World Bank board to formalise contentious general capital increase at October Annual Meetings
Indian fishing communities that claim to have been harmed by IFC investments seek to challenge its 'absolute immunity'
Court's decision on IFC’s legal immunity in the Tata Mundra coal-fired power plant case will set important precedent
Notes from the 19 April Civil Society Policy Forum session on the response to the 2008 financial crisis at the World Bank and IMF's Spring Meetings.
Originally created to help the poor escape poverty and deprivation, the World Bank became the most important advocate for the commercialised microcredit model. Yet, critics argued it undermined the chances of sustainable and equitable development to create a poverty trap of historic proportions.
World Bank launches new We-Fi fund for women entrepeneurs, but concerns raised that fund won't reach poorest women.
Indian fishing communities and farmers will ask the highest court in the US to rule on IFC's immunity for its role in the controversial Tata Mundra coal-fired power plant in India.
ICSID, a World Bank arm for investor-state dispute arbitration, ruled that the $250 million case brought by Pac Rim Cayman against El Salvador in 2009 was without merit.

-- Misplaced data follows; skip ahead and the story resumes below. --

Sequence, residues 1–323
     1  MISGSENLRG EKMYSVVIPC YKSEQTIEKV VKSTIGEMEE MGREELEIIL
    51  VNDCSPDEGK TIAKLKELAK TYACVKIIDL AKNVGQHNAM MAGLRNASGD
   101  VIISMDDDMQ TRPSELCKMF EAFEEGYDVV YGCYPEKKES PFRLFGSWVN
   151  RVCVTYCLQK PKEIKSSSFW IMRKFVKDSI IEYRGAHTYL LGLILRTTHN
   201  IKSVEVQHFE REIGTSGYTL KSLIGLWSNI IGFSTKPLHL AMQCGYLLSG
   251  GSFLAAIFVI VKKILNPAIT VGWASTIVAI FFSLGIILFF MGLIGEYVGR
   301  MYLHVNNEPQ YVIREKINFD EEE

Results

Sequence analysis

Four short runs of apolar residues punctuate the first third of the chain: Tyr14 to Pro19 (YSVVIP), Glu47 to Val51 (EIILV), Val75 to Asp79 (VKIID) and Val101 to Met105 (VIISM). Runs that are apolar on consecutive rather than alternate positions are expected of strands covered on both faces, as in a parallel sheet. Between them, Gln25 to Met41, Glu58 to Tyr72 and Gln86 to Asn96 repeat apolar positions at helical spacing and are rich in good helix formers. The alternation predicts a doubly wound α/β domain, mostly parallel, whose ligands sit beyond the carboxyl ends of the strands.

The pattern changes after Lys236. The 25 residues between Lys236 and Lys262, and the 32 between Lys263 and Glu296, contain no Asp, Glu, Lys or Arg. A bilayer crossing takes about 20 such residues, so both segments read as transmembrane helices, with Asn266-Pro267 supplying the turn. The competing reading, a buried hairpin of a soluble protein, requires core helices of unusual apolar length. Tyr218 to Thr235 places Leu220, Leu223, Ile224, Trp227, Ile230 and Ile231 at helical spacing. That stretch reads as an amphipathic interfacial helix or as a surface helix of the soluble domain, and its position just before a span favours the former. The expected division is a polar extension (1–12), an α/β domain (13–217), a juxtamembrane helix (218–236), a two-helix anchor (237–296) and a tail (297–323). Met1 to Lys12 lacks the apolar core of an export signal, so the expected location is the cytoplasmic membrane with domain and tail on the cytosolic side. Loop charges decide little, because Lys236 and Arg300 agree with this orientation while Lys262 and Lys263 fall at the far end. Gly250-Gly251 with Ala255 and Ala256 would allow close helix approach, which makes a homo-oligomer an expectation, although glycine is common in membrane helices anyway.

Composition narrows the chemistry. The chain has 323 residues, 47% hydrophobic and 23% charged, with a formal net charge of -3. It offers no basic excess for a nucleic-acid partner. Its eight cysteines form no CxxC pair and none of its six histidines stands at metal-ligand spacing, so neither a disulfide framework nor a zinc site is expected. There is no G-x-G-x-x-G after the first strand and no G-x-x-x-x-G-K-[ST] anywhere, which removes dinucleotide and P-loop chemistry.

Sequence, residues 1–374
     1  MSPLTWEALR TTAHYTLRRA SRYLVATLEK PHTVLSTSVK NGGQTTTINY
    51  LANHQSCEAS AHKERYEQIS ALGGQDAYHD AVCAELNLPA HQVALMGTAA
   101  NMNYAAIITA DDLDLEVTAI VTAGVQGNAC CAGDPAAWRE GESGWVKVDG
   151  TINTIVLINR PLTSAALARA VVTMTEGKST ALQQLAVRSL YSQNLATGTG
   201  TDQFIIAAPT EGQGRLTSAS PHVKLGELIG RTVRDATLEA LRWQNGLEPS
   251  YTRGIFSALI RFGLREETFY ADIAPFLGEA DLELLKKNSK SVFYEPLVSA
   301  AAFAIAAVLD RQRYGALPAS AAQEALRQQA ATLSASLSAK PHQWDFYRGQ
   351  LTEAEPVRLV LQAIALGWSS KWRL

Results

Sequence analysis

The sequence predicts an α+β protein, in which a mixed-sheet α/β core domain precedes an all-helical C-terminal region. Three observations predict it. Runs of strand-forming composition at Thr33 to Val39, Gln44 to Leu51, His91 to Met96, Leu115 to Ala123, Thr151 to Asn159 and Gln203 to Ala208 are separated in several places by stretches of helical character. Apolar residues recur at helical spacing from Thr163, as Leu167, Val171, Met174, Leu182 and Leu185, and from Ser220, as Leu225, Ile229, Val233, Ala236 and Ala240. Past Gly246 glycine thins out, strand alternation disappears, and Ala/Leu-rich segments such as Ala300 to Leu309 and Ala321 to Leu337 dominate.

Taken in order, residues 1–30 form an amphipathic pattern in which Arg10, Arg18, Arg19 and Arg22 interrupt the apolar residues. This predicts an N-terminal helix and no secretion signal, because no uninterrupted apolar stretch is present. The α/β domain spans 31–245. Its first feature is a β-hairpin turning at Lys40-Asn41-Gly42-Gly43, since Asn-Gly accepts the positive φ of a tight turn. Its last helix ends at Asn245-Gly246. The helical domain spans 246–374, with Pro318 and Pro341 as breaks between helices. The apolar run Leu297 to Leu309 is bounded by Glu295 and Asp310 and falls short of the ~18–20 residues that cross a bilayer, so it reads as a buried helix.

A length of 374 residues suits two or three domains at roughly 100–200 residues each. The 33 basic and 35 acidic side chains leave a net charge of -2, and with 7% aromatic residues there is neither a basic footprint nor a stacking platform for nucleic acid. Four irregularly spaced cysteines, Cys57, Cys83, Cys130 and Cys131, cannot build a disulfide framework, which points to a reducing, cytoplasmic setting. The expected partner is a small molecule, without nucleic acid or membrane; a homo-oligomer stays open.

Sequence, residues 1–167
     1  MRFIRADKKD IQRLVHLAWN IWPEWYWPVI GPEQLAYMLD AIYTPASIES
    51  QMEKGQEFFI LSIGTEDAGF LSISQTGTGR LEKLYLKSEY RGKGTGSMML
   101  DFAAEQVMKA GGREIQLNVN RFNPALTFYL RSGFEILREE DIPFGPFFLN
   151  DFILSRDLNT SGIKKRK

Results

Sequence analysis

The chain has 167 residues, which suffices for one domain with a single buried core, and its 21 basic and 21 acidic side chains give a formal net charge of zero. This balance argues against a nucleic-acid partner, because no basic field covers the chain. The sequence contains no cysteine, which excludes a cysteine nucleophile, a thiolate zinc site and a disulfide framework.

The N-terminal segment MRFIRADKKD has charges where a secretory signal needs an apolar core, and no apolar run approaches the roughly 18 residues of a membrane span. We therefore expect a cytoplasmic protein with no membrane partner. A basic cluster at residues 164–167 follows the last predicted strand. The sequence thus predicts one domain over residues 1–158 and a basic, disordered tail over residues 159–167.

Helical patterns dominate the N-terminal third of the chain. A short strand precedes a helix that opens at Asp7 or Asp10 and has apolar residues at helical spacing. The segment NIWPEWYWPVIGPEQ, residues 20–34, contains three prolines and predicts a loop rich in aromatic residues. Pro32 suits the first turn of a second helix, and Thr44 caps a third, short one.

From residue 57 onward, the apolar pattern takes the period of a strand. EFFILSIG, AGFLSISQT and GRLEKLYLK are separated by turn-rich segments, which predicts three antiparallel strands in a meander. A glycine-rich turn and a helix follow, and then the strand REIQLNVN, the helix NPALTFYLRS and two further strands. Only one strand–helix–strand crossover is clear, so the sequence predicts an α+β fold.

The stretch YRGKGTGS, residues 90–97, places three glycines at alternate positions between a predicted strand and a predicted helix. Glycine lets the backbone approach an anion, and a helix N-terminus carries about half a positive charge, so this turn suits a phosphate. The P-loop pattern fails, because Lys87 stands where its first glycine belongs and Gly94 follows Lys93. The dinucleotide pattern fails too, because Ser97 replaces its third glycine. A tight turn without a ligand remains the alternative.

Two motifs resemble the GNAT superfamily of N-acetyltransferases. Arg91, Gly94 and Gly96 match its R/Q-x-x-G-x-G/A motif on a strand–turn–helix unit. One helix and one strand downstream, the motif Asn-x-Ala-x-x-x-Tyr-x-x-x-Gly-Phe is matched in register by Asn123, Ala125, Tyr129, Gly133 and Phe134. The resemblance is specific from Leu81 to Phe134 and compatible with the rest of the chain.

As the IFC sets out a new strategy, CAO and CSO reports have raised further criticism over its investment in financial intermediaries, and a new law suit challenges its immunity.
The World Bank is set to reappoint president Jim Yong Kim for another five year term, despite persistent concerns from Bank staff and renewed calls for a merit-based process based on principles of transparency and diversity.
Further concerns have been raised over dilutions of the World Bank’s proposed new safeguards framework, as controversy arose over a Bank waiver of the indigenous peoples policy for a Tanzania project.
The World Bank and the IMF will be meeting in Washington DC for the spring meetings 15-17 April 2016.